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# The Fractional Investigation of Fornberg-Whitham Equation Using an Efficient Technique

1 Department of Mathematics, Abdul Wali Khan University, Mardan, 23200, Pakistan

2 Department of Mathematics, Near East University TRNC, Mersin, 10, Turkey

3 Center of Excellence in Theoretical and Computational Science (TaCS-CoE) & KMUTTFixed Point Research
Laboratory, Room SCL 802 Fixed Point Laboratory, Science Laboratory Building, Departments of Mathematics, Faculty of Science, King Mongkut's University of Technology Thonburi (KMUTT), Bangkok, 10140, Thailand

4 Department of Medical Research, China Medical University Hospital, China Medical University, Taichung, 40402, Taiwan

* Corresponding Author: Poom Kumam. Email:

(This article belongs to this Special Issue: Fractal-Fractional Models for Engineering & Sciences)

*Computer Modeling in Engineering & Sciences* **2023**, *135*(1), 259-273. https://doi.org/10.32604/cmes.2022.021332

**Received** 09 January 2022; **Accepted** 17 May 2022; **Issue published** 29 September 2022

## Abstract

In the last few decades, it has become increasingly clear that fractional calculus always plays a very significant role in various branches of applied sciences. For this reason, fractional partial differential equations (FPDEs) are of more importance to model the different physical processes in nature more accurately. Therefore, the analytical or numerical solutions to these problems are taken into serious consideration and several techniques or algorithms have been developed for their solution. In the current work, the idea of fractional calculus has been used, and fractional Fornberg Whitham equation (FFWE) is represented in its fractional view analysis. A well-known method which is residual power series method (RPSM), is then implemented to solve FFWE. The RPSM results are discussed through graphs and tables which conform to the higher accuracy of the proposed technique. The solutions at different fractional orders are obtained and shown to be convergent toward an integer-order solution. Because the RPSM procedure is simple and straightforward, it can be extended to solve other FPDEs and their systems.## Keywords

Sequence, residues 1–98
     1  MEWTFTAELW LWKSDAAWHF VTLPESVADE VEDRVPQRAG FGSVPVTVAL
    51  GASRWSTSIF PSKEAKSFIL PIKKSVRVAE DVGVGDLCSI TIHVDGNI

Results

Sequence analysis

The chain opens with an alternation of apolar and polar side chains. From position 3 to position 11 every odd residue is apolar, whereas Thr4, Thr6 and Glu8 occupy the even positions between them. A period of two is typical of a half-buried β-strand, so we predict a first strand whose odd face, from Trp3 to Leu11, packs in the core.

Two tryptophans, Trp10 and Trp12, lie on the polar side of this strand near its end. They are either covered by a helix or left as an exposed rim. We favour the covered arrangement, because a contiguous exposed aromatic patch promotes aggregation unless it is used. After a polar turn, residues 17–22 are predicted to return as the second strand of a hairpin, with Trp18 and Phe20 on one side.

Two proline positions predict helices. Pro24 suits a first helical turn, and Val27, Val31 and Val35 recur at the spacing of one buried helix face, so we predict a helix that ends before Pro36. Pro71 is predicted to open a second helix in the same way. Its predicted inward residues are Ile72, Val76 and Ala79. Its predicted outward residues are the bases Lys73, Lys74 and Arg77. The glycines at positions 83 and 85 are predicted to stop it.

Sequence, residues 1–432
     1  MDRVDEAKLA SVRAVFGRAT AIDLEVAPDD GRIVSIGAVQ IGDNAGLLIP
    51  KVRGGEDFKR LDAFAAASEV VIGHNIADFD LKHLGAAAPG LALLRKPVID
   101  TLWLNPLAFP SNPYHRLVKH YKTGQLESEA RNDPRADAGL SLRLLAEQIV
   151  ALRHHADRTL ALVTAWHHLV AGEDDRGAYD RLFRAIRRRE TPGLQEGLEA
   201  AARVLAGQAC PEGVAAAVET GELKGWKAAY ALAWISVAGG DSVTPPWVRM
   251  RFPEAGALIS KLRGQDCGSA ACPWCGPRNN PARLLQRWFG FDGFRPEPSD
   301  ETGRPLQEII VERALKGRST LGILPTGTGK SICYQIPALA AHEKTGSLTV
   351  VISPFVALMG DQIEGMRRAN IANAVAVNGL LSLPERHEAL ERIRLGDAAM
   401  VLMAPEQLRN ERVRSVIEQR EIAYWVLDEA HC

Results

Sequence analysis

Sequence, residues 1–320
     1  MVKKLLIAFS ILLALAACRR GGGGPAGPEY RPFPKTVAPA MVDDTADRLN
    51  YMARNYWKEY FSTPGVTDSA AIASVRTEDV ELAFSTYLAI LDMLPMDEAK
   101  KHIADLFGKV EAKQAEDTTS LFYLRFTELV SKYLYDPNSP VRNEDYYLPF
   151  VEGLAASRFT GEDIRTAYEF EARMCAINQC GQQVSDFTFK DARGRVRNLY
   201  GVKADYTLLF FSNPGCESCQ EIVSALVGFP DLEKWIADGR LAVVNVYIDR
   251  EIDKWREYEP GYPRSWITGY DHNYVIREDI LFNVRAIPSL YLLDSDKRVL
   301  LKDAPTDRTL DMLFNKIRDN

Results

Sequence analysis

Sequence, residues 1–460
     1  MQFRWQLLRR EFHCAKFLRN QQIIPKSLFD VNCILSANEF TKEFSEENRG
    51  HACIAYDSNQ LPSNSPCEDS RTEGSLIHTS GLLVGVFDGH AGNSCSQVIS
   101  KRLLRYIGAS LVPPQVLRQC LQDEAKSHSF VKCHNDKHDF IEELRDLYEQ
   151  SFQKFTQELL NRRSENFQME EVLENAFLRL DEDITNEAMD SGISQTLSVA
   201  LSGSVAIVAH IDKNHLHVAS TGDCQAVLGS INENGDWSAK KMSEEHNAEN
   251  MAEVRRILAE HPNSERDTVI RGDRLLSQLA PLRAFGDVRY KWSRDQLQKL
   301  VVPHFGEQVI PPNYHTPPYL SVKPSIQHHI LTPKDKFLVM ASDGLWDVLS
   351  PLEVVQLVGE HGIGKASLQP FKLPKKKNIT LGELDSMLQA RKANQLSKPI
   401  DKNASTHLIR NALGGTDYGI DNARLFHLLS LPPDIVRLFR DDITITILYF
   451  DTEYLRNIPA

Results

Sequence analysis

In mathematical physics, the Fornberg-Whitham equation is a fundamental mathematical model. The Fornberg-Whitham equation [1,2] is written as:

This equation was introduced to investigate how non-linear dispersive water waves break. The Fornberg-Whitham equation is shown to allow peakon solutions, as well as the occurrence of wave breaking, as a mathematical model for waves of limiting height. Fractional calculus (FC) is now widely used and accepted, owing to its well-established applications in a wide range of seemingly disparate domains of science and engineering [3–7]. Many scholars, including Gupta et al. [8], Merdan et al. [9], Singh et al. [10], have examined the fractional extension of the Fornberg-Whitham equation relevant to the Caputo fractional derivative.

FC has the potential to explain various difficult phenomena like memory and heredity. In recent years, researchers have taken a keen interest in the subject of fractional differential equations (FDEs), such as viscoelasticity, fluid mechanics, nanotechnology, electrochemistry, modelling for shape memory polymers, biological population models, optics and signal processing, modelling control theory, the damping behaviour of materials, economics and chemistry, signal processing, creeping and relaxation for viscoelastic materials and diffusion and reaction processes [11–13]. Accurate modelling of time-fractional two-mode coupled burgers equation is done with the help of fractional derivatives (FD) [14].

Analytical and numerical techniques are frequently used for the solution of FPDEs and their systems. The fractional problems that have been modelled by using FPDEs are found in various disciplines, because the mathematical modelling of real-life phenomena is usually modelled accurately by using FPDEs.